Tuesday, September 09, 2008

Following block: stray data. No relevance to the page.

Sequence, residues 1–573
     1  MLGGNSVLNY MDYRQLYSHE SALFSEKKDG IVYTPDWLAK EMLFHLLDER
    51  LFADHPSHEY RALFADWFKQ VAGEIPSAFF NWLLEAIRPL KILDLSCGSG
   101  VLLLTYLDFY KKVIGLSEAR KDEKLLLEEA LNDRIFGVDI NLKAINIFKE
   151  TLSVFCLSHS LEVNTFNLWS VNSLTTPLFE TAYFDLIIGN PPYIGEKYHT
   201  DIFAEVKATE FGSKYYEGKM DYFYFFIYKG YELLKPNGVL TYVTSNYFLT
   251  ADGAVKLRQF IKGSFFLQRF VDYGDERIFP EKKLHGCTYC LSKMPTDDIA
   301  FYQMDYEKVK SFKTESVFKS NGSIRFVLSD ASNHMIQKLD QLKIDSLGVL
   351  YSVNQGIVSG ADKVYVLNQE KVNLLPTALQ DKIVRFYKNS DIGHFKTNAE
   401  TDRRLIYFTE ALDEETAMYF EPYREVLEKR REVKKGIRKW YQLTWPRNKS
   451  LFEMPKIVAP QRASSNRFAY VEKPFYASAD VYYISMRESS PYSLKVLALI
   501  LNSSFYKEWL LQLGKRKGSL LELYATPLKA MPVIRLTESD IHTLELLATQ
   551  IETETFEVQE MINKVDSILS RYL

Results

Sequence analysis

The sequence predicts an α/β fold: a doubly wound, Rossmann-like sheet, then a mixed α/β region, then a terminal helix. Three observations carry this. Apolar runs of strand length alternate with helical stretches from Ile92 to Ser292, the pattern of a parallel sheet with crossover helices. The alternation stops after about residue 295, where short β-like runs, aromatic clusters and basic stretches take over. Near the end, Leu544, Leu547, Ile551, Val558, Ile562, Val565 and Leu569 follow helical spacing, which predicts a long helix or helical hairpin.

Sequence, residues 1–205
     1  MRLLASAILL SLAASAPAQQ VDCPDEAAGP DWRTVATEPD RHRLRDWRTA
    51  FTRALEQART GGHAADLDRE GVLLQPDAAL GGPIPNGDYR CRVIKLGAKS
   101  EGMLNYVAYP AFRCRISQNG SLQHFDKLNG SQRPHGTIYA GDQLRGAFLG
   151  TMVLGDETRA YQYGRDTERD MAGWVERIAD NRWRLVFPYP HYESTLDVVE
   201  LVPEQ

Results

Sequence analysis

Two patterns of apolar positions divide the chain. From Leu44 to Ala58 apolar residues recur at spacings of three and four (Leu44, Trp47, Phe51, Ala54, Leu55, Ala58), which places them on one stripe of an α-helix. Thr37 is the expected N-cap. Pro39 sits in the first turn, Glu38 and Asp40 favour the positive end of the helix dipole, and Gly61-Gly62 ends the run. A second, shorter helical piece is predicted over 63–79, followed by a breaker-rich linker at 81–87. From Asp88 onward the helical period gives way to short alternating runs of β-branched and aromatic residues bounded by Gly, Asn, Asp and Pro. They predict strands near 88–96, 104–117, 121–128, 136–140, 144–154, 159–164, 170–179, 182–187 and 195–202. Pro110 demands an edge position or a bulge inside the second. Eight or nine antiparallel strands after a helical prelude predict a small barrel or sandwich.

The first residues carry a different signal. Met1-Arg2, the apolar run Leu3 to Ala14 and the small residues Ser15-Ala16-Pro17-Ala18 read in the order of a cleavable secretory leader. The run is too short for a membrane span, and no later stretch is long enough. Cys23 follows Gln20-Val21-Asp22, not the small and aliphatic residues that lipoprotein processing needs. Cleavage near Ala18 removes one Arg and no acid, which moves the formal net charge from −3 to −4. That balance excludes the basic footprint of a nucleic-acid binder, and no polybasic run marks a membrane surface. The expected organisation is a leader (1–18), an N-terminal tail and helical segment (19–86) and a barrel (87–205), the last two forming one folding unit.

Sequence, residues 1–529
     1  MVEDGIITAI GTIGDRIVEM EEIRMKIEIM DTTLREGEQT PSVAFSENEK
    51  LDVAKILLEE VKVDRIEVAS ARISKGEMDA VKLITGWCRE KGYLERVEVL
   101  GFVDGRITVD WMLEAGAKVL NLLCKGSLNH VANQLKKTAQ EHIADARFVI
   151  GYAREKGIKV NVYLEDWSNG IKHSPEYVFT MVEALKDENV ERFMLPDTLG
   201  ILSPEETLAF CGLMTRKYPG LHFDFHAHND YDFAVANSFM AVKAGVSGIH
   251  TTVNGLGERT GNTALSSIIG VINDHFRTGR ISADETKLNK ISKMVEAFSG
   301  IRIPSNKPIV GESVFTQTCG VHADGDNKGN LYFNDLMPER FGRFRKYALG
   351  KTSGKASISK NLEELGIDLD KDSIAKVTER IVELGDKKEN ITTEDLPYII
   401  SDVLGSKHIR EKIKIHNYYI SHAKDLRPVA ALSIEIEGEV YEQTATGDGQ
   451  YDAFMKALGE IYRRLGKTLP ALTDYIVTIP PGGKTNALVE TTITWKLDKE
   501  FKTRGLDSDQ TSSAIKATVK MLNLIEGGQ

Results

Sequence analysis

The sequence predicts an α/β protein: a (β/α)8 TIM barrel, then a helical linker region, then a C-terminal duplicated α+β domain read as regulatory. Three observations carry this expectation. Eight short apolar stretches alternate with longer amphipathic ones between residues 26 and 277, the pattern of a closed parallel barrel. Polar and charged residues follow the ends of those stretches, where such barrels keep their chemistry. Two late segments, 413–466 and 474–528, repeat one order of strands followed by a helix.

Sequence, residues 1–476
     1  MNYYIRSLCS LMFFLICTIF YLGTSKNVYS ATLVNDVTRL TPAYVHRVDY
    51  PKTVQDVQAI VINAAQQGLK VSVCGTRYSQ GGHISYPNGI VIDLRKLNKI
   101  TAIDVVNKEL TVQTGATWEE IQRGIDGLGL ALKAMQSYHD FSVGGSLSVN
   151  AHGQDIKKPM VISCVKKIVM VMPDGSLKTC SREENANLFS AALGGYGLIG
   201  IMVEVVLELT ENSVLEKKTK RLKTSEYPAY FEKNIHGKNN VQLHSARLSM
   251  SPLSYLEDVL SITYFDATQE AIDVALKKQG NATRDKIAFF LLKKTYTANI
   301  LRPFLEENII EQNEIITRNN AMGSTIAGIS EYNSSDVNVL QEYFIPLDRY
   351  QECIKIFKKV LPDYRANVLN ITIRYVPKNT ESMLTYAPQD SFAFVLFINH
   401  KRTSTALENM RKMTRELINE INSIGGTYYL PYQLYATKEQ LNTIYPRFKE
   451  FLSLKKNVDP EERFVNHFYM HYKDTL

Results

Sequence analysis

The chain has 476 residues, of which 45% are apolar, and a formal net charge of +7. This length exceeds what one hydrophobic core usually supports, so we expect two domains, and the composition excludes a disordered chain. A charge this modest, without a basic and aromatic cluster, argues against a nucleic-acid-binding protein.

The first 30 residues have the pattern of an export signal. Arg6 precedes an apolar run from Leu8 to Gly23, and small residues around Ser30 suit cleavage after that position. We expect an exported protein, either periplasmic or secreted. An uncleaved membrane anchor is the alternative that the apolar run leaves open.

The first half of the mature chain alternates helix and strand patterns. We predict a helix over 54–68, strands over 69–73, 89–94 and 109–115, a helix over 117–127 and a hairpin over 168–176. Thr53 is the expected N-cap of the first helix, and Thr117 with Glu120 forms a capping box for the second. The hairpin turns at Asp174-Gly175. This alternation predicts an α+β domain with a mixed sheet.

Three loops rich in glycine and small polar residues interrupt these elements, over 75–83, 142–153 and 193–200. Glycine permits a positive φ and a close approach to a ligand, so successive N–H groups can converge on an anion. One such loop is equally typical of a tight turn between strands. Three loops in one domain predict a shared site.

Definitely. J.J. Abrams has kind of become the conspiracy theory go-to guy in TV these days. Founder of Bad Robot Productions, Abrams was the creator of "Alias" and the co-creator of "Lost." It seems fitting therefore that Abrams would be the guy called on to direct Fringe, a new show that is positioned to be this generation's "X-Files;" which was sort of the conspiracy theory show of its day. In the pilot episode, F.B.I agent Olivia Dunham (Anna Torv) and her boyfriend, F.B.I. agent John Scott are called in to investigate when a plane lands and every single person on board has died a very gruesome death. Early on in the investigation John is exposed to the toxin that killed the people on the plane and Olivia sets off to find out if he can be saved. Looking for answers she finds scientist Walter Bishop (John Noble), the most brilliant mind of his generation. The only problem is that Bishop was declared crazy and has been in a mental institution for the last seventeen years. Olivia then tracks down Bishop's estranged son Peter (Joshua Jackson), who carries a 190 IQ and a grudge. And while I'd like to tell you more about the show, it's kind of hard to do so without giving up a bunch of spoilers-- I know because I tried. I don't know if this show was set up to be a deliberate "X-Files" replacement, but I suspect it was. That doesn't mean the show is a knock-off. Olivia Dunham doesn't start out as a Fox Mulder. She isn't on a mission to make anyone believe anything nor does she have a poster in her office that says "I Want to Believe"-- at least not yet. She's simply trying to save the man she loves. What happens next, however, sends her on a path that looks a lot like the one Mulder was on. The first episode seems fairly grounded in science, though it does ask you to suspend your disbelief quite a bit. But there are hints that future episodes are going to really broaden our horizons. I get the idea that dimensional travel, astral projection, mind reading and maybe even some religious stigmata may be the subject of some future shows. I'm in. For my part, I liked it. I found myself more than willing to keep my skepticism to myself for the duration of the show. I really liked the actors in the show, especially Anna Torv. It was fast paced, interesting, humorous and, so far, not too confusing. Part of me is a little afraid to get too attached since J.J. Abrams doesn't offer answers easily or quickly. But in the end, the characters won me over. I will most definitely be giving this show some more attention.